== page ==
Sunday, May 20, 2001
Faithful exhorted on city issues
By Ray Schaefer
Organizers of an Archdiocese of Cincinnati meeting Saturday want people of all faiths to wake up from their lethargy when it comes to social issues.
The Ecology Project Team of the Catholic Social Action Commission sponsored Saturday's meeting at First United Church of Christ in College Hill. Representatives from several faith-based organizations met to discuss the impact of urban unrest and how suburban sprawl hurt the inner city.
What we're hoping for is to inform the Catholic community about how our traditions compel us to care for and be in relationship with God's creation, said Tara Poling, the project team manager.
According to Toward a Region in Balance, an Ecology Project Team report, population trends in Cincinnati conflict with Catholic teaching on social issues.
Care for the earth is not demonstrated as development practices continue to encroach on farmland and place additional strains on water supply and air and soil quality, the report stated. Solidarity among all people is not occurring as the poor are left in urban Cincinnati and self-interest divides urban, suburban and rural peoples.
Cincinnati City Councilman John Cranley hopes targeting key African-American leaders for involvement and the city's mediation in a racial profiling lawsuit will begin to heal what he called deep, dangerous unrest within the African-American community. But he doesn't know how to persuade residents to buy in to what leaders are doing.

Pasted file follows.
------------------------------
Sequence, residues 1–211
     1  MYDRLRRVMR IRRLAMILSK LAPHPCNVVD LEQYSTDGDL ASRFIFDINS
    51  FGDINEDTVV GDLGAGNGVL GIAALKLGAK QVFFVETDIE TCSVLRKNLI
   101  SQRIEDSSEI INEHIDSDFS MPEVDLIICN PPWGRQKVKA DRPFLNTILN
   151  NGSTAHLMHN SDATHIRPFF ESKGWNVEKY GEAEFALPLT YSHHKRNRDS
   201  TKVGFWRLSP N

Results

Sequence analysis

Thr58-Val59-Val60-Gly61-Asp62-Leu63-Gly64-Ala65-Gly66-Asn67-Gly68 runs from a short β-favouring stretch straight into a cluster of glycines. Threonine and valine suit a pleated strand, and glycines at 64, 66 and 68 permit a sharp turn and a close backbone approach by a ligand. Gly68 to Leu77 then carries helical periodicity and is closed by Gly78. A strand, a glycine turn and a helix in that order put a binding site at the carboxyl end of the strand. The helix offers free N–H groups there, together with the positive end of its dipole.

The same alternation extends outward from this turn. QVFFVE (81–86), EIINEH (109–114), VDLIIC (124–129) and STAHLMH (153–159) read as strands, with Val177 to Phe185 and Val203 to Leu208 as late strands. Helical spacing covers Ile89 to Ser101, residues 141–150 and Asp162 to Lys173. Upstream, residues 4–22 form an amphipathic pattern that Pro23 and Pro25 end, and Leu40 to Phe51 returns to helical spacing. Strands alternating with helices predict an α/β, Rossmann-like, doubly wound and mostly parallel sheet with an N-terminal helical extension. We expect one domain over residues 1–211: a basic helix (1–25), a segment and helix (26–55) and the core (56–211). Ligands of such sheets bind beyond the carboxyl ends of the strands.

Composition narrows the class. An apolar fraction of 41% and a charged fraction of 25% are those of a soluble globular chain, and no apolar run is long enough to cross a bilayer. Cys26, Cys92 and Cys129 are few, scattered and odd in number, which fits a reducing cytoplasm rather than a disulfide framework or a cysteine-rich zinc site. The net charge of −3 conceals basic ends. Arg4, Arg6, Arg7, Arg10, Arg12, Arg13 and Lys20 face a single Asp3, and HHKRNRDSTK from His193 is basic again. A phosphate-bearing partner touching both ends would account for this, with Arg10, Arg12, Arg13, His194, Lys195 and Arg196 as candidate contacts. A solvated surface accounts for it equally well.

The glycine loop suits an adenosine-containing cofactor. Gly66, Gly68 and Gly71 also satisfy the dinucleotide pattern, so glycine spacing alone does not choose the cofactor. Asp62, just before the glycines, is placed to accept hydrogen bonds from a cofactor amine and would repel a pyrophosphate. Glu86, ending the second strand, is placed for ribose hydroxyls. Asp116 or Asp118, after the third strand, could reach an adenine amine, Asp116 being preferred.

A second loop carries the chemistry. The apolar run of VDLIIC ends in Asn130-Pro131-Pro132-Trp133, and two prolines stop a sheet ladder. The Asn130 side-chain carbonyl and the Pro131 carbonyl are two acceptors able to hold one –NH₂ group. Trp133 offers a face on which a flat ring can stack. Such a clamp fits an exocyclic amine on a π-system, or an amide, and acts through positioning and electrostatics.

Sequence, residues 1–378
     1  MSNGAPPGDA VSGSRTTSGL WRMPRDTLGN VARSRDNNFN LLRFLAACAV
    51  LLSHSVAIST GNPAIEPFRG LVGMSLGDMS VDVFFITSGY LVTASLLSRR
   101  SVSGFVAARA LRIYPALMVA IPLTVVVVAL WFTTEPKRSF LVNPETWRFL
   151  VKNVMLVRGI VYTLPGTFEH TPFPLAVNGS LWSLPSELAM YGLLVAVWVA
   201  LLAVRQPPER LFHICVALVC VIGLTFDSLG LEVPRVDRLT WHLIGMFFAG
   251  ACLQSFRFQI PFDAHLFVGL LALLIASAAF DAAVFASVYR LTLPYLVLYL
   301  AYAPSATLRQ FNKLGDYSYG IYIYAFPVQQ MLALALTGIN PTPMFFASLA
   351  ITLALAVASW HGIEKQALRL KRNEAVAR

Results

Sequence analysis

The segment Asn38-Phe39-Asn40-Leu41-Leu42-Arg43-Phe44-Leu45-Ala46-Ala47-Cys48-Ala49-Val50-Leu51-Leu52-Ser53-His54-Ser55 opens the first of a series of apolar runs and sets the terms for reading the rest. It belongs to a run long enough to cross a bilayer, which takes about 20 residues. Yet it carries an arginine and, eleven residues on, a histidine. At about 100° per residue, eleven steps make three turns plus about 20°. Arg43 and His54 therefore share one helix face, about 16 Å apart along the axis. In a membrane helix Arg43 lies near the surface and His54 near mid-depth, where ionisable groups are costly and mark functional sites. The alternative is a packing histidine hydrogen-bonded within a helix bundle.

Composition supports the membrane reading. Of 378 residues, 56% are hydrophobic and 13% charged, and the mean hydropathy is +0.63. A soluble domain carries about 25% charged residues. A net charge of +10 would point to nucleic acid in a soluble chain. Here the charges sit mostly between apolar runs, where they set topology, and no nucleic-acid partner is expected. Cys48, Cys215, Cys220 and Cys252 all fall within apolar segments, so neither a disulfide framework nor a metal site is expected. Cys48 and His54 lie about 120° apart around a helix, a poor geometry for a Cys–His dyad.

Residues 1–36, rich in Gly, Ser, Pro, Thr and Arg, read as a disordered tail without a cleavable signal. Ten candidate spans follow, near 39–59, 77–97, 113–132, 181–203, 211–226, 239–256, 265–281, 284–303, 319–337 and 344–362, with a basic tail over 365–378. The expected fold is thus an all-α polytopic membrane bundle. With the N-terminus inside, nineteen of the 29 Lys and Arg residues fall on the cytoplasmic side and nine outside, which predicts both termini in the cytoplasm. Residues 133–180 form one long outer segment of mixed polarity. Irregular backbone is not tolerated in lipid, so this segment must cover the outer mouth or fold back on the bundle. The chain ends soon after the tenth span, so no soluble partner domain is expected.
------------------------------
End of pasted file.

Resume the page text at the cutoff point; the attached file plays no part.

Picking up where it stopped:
It's not clear what the end game is, Mr. Cranley said. I have no sense of when we're going to be over that hump.
Chuck Matthei is with Equity Trust, a Voluntown, Conn., non-profit organization that helps communities conserve land for affordable housing and other uses. He said there is hope.
Success is certainly not assured, but success is possible, Mr. Matthei said.
Cindy Summers Lewis is a member of St. Monica-St. George Church in Clifton Heights. She said Mr. Matthei's mention of successes in preserving land inspired her.
Tom Choquette, a pastoral associate at St. Xavier Church on Sycamore Street downtown, said people have to embrace economic, racial and social diversity to address the issues of education, housing and race relations. But he said a single word - sustainability - often scares people.
It has so many meanings, Mr. Choquette said. Does it mean I have to give up something? Sustainability at whose expense?
Robyn Bancroft is lead organizer for the Amos Project, an interfaith coalition of 28 Christian congregations in Hamilton County and Northern Kentucky that addresses social issues. She said a major barrier is breaking down distrust toward politicians and their constituents.
This is everyone, Ms. Bancroft said. This is developing those relationships, it's finding common ground.
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